Listening Skillsby Steve Roche
When to stop listening
Listening and responding
It’s great to have a reputation as a ‘good listener’. But it’s not usually enough on its own. If listening is all you ever do, then people will get fed up because they don’t know where you stand.
Some good listeners are not so good at saying what they themselves feel, which can give the impression that they agree with everything that’s been said, and lead to problems later on. And there’s a danger you may begin to feel people are taking advantage of you and ‘dumping’ on you.
Sometimes reflective listening is all that is required: perhaps when someone is grieving or venting strong emotions, or in a counselling or therapeutic context.
But in the course of most conversations a good listener does more than simply reflect: there is usually a need for some interaction over and above listening.
A final listening skill is to know when and how to politely stop listening and do something else, such as express your own opinion in response. You may say you will consider all you have heard and come back with a response, which makes it clear that you have listened to and respect their opinions, but do not necessarily agree or disagree completely.
How to interrupt
Interrupting a speaker tends to be regarded as rather discourteous or disrespectful, but sometimes it is clearly necessary – if only because you need to stop what you are doing in order to go and do something else!
It is entirely possible to interrupt without losing rapport, so long as you say what you are going to do and then do it, respectfully but firmly.
- I apologise for interrupting you, Mary, but what you just said sounds really important and I want to make sure I’ve understood...
- Jim – sorry, but I’m going to have to stop you there because time is running out and we need to cover a few things before we finish.
- I hope you don’t feel I’m being rude but we do have to end this discussion in a moment as someone is waiting to use the room. Perhaps we could...
The general formula is to:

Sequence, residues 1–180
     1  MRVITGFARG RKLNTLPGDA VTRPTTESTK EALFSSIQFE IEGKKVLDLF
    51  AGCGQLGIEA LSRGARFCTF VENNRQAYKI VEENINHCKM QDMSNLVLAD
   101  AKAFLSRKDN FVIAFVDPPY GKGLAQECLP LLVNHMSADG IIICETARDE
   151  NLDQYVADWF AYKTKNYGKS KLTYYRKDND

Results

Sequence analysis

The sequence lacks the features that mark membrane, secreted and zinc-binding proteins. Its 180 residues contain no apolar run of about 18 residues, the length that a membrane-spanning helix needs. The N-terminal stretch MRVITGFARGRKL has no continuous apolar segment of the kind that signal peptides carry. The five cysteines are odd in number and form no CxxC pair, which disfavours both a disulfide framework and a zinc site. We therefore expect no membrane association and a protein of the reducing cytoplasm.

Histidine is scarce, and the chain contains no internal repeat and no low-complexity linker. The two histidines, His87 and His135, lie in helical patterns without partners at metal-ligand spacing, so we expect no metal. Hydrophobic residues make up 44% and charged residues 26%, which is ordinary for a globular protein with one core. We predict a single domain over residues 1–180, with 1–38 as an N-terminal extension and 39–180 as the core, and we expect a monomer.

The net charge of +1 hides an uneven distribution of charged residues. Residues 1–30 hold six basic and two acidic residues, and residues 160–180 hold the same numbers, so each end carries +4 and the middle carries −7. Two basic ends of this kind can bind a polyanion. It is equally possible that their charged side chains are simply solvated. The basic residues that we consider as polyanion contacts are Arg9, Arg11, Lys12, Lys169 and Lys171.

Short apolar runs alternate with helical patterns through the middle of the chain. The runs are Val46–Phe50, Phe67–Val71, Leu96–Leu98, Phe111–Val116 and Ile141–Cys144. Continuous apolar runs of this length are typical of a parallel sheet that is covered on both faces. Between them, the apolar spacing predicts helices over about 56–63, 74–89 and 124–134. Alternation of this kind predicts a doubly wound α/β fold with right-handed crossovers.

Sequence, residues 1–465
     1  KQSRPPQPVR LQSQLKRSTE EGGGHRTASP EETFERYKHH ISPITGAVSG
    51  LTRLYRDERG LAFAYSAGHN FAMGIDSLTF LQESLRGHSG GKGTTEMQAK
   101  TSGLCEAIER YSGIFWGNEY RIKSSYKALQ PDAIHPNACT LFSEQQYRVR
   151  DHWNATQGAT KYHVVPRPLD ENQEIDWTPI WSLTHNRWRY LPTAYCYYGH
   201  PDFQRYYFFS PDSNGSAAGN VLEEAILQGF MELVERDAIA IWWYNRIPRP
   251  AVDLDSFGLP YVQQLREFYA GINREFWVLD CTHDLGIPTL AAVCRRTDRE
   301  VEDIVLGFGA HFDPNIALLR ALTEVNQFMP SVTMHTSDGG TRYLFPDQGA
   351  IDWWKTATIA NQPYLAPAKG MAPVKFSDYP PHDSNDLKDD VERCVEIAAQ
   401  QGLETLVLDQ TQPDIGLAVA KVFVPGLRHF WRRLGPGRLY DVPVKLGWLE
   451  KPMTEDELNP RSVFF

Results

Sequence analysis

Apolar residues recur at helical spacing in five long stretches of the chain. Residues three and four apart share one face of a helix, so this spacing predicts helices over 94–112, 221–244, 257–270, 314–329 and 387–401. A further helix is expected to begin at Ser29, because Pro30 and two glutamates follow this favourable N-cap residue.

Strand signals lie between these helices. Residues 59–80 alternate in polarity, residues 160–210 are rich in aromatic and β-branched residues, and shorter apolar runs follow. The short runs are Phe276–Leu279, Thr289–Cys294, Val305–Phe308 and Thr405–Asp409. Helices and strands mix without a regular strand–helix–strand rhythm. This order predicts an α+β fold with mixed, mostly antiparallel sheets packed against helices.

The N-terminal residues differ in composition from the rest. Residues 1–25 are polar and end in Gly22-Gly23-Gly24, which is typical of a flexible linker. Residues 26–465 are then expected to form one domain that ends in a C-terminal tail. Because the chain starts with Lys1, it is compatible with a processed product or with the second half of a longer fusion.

- Say what you are going to do
- Acknowledge their feelings
- Explain why you need to do it
- Say what needs to be said
- Move the conversation forward.
By apologising and explaining, you will avoid seeming rude and allow the speaker to feel respected and acknowledged.
Sometimes you may need to stop the speaker because they are expressing inappropriate opinions, for example,
if you are confronted with racist language.
In a case such as this, it may help to remember that what you are dealing with is simply someone else’s model of the world, which is different from your own. This allows you to do two things:
- Manage your own state
- Get information (for example, because I need to challenge this model).
Remember to pace the other person. If the speaker is slow and hesitant, it will not be so hard to intercede. But if they are voluble and excitable, you may need to raise your energy level to match theirs, by increasing your volume and speed and using similar language...
That’s really amazing, I’ve never heard anything like that. I’d love to hear more about it, but we can’t possibly do it justice right now. How about we arrange another time...
Often your intervention will be in the form of a question. There is a lot more on this subject in the topic on Questioning Skills.
If it’s hard to find an opening for a well-formed question, remember the power of a single word:
A verbal interruption can be a form of mismatching, which often leads to breaking rapport. You may decide to do this deliberately when you need to bring the conversation to a close, in order to summarise and move on, to give some feedback, or just because time is running out.
There are many subtle alternatives to words which we all use in order to constructively break rapport, such as:
- Change of posture, such as sitting upright in your chair
- Hand, head or body movements
- Withdrawal of eye contact
- Tidying of papers, picking up a pen...